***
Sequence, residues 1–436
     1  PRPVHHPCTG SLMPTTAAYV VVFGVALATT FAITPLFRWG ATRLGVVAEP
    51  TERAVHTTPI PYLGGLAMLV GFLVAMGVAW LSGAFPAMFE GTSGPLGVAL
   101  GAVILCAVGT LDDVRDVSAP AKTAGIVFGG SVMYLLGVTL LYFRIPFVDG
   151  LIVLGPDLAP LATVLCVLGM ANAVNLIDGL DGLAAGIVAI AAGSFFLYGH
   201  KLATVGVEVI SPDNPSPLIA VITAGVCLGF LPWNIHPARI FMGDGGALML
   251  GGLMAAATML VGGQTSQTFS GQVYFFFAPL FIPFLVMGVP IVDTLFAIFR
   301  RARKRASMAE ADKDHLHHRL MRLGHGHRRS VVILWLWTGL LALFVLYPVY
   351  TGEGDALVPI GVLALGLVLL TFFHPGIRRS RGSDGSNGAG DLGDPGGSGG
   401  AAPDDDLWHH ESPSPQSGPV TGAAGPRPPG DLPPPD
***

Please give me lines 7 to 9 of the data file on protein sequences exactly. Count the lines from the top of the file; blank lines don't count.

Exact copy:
   251  GGLMAAATML VGGQTSQTFS GQVYFFFAPL FIPFLVMGVP IVDTLFAIFR
   301  RARKRASMAE ADKDHLHHRL MRLGHGHRRS VVILWLWTGL LALFVLYPVY
   351  TGEGDALVPI GVLALGLVLL TFFHPGIRRS RGSDGSNGAG DLGDPGGSGG